Category Archive: Maintenance

  1. Keeping Condensation and Mould in your Unit at Bay

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    Stop Mould From Taking Over Your Unit

    It is a common sight to wake up in winter and see a thick layer of condensation on your windows. Same as getting an icy cold bottle out of the fridge and leaving it on your tabletop for a good half hour. Condensation occurs when water vapour in the air is changed into a liquid. It occurs when water forms as droplets on a cold area when humid air is in contact with it. So, it forms on our windows when the cool air outside, connects with your windows where warm air is trapped within.

    A buid up of condensation can quickly cause serious mould problems which can start from some simple black spots to taking over entire walls in your home, most commonly in wet areas like your bathroom.

    So, thats our science lesson on condensation! But how do we avoid it?

    Avoiding Condensation Build Up in Units

    1. Keep Your Unit Ventilated.

      Even on those cold days, be sure to have some periods where windows are open to fresh air can ventilate through.

    2. Turn on fans in bathroom and open windows when showering.

      This will allow the excess moisture in the air to be taken away. It is also handy to close the bathroom door when showering as it will keep the moisture contained to your bathroom alone.

    3. Turn on exhaust fans when cooking.

      Your exhaust fan will take away any excess moisture.  It is also recommended to keep lids on pots and pans to stop moisture escaping.

    4. Dry your clothes outside as opposed to inside.

      Keeping wet clothes inside is an open invitation to invite mould into your home.

    5. Check for any suspicious leaks.

      If you have a leak in your ceiling it could be the cause of excess moisture.

    Follow these quick and simple tips to help keep the mould from settling in at your unit this winter.

  2. Get Your Home Winter-Ready

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    A Winter Checklist for Your Home

    Winter is knocking on our doors. As the cooler months approach, there are a number of things you can do to prepare your home for the cooler temperatures that lay in waiting. To keep things interesting and not all about cleaning and maintenance (yay!), we’ve mixed up a combination of both aesthetic and safety issues to consider in your winter checklist.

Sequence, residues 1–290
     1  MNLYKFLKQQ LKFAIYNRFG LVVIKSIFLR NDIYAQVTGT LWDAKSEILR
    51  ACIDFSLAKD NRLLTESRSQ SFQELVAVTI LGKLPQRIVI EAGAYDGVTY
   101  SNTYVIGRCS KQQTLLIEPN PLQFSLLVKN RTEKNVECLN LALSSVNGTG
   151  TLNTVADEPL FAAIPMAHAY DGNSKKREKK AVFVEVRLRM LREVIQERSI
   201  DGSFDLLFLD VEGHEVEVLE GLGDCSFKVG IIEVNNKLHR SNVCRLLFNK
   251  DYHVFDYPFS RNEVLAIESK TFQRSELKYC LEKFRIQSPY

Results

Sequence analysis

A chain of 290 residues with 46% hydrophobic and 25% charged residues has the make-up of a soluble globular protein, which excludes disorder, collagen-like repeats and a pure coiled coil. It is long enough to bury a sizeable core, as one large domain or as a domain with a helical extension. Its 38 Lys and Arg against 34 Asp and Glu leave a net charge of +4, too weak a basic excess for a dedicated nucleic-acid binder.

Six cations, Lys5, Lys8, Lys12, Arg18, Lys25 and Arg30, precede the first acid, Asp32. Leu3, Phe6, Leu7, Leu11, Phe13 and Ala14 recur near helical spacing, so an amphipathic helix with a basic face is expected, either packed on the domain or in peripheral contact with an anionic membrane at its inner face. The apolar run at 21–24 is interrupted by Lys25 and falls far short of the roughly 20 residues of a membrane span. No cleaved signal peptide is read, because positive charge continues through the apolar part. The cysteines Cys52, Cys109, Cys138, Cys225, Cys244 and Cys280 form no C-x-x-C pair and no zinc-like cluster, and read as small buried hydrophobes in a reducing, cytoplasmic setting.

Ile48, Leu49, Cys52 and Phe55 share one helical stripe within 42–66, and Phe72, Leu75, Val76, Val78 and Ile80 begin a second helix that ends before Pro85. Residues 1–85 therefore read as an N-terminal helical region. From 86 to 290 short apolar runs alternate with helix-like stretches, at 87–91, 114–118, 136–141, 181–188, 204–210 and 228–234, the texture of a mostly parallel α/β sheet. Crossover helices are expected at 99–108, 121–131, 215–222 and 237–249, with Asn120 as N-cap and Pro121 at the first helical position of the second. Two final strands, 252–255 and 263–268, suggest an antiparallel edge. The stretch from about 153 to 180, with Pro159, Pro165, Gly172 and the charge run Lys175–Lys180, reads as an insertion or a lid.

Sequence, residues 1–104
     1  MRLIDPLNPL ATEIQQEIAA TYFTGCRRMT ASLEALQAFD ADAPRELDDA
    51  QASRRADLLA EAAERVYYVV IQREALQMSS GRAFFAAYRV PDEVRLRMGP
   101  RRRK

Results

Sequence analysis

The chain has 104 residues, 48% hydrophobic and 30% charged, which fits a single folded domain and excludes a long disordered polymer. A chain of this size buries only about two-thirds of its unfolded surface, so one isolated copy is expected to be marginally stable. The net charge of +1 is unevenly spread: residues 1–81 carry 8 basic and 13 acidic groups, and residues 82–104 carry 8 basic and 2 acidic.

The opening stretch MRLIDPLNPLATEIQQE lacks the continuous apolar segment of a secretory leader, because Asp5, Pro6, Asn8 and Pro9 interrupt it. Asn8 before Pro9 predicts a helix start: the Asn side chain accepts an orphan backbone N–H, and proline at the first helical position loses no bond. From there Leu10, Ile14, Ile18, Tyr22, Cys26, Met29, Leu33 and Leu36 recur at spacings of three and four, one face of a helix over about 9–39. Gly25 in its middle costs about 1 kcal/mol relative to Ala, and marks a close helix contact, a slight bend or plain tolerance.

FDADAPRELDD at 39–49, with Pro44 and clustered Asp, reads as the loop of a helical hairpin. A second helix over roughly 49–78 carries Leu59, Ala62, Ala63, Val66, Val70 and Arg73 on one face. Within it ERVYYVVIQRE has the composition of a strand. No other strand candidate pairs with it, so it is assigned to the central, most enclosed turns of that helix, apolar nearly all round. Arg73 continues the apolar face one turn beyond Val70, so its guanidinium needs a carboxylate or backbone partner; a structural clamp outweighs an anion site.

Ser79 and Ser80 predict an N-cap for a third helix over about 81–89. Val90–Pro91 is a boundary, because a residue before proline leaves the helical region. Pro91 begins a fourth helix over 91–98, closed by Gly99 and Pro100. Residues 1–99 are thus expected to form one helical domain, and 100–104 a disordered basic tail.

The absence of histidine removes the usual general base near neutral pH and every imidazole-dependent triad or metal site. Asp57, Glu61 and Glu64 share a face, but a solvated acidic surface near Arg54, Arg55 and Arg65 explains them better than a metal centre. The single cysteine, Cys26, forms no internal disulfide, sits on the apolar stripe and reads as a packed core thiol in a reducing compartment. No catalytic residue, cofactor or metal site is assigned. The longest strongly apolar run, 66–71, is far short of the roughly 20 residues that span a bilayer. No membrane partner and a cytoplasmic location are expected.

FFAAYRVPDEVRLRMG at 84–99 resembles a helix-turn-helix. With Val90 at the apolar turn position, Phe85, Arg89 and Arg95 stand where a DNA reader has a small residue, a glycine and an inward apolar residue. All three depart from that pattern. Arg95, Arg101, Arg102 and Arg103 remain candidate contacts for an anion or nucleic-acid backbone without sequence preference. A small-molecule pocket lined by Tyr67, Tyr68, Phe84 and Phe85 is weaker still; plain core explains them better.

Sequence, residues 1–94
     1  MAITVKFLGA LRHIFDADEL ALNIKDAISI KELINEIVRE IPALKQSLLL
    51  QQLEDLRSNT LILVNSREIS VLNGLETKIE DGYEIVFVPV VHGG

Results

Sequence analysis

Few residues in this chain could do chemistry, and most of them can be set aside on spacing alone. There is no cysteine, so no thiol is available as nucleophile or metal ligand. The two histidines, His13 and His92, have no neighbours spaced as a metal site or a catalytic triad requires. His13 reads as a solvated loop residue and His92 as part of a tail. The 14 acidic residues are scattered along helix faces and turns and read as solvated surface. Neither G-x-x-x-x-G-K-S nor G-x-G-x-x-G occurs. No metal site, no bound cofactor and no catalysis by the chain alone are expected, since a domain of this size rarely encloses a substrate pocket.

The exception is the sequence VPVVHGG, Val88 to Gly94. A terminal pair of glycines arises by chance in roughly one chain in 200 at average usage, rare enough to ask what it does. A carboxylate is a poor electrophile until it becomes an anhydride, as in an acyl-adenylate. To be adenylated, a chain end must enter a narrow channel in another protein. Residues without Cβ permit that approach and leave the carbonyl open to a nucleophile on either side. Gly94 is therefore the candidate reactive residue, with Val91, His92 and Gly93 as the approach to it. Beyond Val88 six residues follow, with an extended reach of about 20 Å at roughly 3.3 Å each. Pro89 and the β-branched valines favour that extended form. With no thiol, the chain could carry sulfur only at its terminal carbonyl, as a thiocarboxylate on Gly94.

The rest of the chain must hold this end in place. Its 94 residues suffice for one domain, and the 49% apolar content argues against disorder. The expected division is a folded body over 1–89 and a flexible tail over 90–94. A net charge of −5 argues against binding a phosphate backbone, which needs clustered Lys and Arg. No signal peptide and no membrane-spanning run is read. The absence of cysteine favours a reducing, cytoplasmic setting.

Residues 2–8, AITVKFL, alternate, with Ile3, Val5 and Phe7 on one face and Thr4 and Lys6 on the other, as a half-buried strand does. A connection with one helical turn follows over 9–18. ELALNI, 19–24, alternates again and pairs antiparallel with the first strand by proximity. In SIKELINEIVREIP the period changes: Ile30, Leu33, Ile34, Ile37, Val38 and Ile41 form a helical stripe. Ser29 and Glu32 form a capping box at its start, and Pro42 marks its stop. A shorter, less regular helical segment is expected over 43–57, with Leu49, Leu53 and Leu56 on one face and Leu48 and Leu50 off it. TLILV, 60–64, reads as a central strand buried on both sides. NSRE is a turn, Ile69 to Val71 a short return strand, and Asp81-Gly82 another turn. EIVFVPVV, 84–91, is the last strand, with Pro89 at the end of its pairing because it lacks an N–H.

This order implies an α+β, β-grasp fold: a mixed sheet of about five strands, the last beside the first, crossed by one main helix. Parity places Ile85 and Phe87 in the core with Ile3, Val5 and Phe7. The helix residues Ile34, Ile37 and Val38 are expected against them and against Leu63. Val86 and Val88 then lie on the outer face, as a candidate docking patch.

1. Clean your air conditioning system

      Keeping your air conditioner in it’s peak condition is important both for the efficiency of the system and air quality. Dirty filters that have a build-up of residue and are clogged, can drastically reduce air quality and decrease the effectiveness of the system. As a result, the unfiltered air bypasses the filter and caries the dirt to the evaporator coil that will then impair its heat-absorbing capacity (Energy.gov). Replacing your clogged filter with a new one can lower your unit’s energy consumption by up to 15%. And that’s a lot on your power bills!

    2. Stock up on firewood

      For those lucky enough to have a fireplace to cuddle by with an open book on those cold winter nights… you are the lucky ones! If this is you, now is the time to check those firewood supplies and top them up! Don’t leave it til a cool winter night when collecting firewood is the last thing you want to do!

    3. Replace your summer doona with a winter one

      Time to delve deep into the linen cupboard and reach for that warm, fluffy winter doona. Opt for goose or duck down for the warmest doona that is still light and fluffy. Which leads us to our next point…